Our quick and easy finance option – what it means for you:

  • No deposit
  • Just 9.9%
  • Available to people who have been living in the UK for at least 12 months
  • Available to self-employed, the retired and home-makers
  • Instalments start from £30.99 per month
  • Also available for Thermomix Package and Customer Offers
  • Not available to commercial customers

IKANO Finance – Just a phone call away:

Contact Thermomix Head Office on 0330 660 0834, say that you wish to place an order using the IKANO Finanace Option and mention that I am your contact Advisor.

  • Thermomix Customer Service will run through your finance application on the phone.
  • The call takes approx’ 7 – 10 minutes, which includes the credit check.
  • You will receive a confirmation email and text asking you to long onto IKANO’s online portal to sigh their agreement form (‘eSignature’)
  • Confirm before 2pm and you should receive delivery within 48 hours
  • You will receive an IKANO welcome pack by email after your eSignature

You will need to provide:

  • Address in the UK – Delivery will be to your home address only
  • Email address
  • Mobile phone number
  • UK bank account in your name – payment by Direct Debit only
  • Self-declared employment status and gross annual income

If you want to make a change after you’ve confirmed your loan – that’s fine!

  • Your Welcome Pack will contain IKANO’s contact details, so you can make any changes with IKANO directly.
  • Flexible payments available payments, or pay-off sooner
  • Direct debit date can be changed after first payment

What you need to do

Contact me to arrange your free Thermomix demonstration.  Ask along some friends if you wish.  Friends from two separate households will qualify you for a Host Gift.

Malcolm Alder-Smith

Thermomix Consultant


Mobile:    07779941583

My Old School Chicken Liver Pâté


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I’ve been making this lovely recipe for Christmas Day lunch for around the last 30 years. I know that sounds a bit crazy, but all the family love this simple but very tasty recipe.  We always start our Christmas lunch with this and little platters of smoked salmon, prawns, crevettes with some of my lovely mini-loaves and toasted slices of brioche, served with a slab of beautiful Beurre d’Isigny.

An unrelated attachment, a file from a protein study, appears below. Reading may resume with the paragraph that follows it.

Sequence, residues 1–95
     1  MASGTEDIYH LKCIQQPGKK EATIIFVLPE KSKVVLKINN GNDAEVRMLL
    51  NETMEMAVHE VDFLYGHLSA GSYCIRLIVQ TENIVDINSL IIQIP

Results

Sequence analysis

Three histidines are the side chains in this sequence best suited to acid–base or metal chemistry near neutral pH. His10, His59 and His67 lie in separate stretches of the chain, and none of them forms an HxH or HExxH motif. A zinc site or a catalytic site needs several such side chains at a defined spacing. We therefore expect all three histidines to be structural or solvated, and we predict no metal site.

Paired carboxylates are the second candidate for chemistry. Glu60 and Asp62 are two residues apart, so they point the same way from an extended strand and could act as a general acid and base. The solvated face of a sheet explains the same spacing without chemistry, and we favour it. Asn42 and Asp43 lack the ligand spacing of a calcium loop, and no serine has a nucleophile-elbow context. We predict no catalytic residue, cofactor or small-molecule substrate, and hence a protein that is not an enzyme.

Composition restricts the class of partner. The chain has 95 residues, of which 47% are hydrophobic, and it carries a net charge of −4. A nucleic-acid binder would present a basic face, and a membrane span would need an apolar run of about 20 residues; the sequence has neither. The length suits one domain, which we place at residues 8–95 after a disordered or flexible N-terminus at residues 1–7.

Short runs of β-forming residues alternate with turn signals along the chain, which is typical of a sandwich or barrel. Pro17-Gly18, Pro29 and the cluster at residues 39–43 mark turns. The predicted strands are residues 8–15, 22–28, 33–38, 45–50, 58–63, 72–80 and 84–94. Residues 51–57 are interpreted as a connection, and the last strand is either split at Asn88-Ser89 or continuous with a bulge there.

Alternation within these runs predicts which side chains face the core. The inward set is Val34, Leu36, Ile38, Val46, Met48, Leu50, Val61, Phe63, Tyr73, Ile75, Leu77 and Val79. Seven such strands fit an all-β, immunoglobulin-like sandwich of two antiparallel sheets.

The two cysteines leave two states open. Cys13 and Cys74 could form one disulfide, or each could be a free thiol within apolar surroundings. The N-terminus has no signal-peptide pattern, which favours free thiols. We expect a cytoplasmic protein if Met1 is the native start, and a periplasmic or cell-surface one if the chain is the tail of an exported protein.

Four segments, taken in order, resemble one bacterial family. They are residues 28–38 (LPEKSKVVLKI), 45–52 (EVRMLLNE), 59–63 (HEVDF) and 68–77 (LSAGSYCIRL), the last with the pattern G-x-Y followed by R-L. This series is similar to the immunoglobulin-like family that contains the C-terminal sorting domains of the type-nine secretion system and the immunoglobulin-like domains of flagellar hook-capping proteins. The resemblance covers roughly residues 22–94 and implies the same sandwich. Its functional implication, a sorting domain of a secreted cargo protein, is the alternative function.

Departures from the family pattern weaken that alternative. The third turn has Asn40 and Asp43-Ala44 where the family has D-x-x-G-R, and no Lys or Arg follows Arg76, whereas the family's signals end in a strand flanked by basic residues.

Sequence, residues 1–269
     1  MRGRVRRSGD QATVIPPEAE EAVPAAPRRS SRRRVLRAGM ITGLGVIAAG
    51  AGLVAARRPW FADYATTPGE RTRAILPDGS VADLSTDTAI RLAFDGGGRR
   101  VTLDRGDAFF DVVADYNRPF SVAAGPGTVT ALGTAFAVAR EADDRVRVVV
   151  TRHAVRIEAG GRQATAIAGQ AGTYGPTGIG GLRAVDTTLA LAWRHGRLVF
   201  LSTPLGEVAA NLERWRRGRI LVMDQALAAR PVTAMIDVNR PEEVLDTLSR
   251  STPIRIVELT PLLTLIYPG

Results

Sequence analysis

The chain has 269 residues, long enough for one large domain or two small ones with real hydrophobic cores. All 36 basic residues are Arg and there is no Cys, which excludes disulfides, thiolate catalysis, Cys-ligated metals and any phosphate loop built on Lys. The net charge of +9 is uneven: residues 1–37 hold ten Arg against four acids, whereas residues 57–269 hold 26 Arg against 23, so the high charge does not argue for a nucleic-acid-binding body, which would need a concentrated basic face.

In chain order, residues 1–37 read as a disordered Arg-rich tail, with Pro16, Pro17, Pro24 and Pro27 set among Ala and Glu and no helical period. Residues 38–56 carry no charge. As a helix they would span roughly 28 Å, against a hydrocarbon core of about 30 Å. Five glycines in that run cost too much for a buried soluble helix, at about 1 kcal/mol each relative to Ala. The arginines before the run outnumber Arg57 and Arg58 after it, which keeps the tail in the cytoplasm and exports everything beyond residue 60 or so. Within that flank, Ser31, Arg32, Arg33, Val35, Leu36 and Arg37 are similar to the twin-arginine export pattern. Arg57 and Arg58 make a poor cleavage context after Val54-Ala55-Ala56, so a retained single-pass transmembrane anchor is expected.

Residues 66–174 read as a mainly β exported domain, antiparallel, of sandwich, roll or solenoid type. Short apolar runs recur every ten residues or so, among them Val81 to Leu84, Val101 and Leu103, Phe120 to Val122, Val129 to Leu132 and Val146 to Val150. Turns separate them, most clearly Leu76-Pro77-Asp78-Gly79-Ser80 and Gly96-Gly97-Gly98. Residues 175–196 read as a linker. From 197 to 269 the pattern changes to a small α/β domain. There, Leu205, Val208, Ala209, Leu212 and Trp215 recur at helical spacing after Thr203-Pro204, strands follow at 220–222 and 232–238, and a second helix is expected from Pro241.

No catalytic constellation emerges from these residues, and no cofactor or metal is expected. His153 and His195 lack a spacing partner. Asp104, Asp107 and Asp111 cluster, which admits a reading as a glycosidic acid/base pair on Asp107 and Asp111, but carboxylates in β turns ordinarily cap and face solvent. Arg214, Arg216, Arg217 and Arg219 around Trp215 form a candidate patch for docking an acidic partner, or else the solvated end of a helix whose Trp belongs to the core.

It is not always easy to get hold of fresh chicken livers, so in all likelihood you will need to buy frozen from your local butcher or supermarket.  Don’t worry about this, as the end product turns out nearly just as good.


  • 400g unsalted butter
  • rapeseed oil
  • 500g chicken livers
  • 2 x banana shallots – peeled & finely chopped
  • 2 cloves garlic – peeled & finely chopped
  • pinch of grated nutmeg
  • 100ml brandy
  • 4 sprigs fresh thyme – leaves removed from stalks
  • 1/2 spoon table salt
  • 1 x tsp freshly grated black pepper


The first thing you need to do is de-frost your chicken livers, preferably in the fridge overnight.  Once de-frosted, take them out of the packaging and thoroughly drain off any surplus liquid.  Trim the livers, place into a suitable container, cover and place to one side.

Pop the butter into a small heavy based saucepan and place over a very low heat on your smallest hob and allow to melt slowly until the solids and butter oil separate.  The solids will sink to the bottom of the pan.  Strain or poor off the clarified butter into a jug and discard the milky solids that remain in the bottom of the pan. Set the clarified butter to one side.

Gently heat a little rapeseed oil in a small, heavy based frying pan over a medium-low heat, add the shallots and garlic, cover and gently sweat off for around 5 minutes until soft and translucent.  Remove from the pan into a small container and put to one side.


Place a heavy based frying pan over a medium-high heat, add a little of the clarified butter and add the drained chicken livers.  Cook for a couple of minutes on either side until lightly caramelised, but with the inside remaining a little on the ‘pink’.  You may need to fry off the livers in two lots, depending on the size of your frying pan.   Avoid overcooking, as your pâté will finish up rather ‘grainy’ and unpleasant to eat.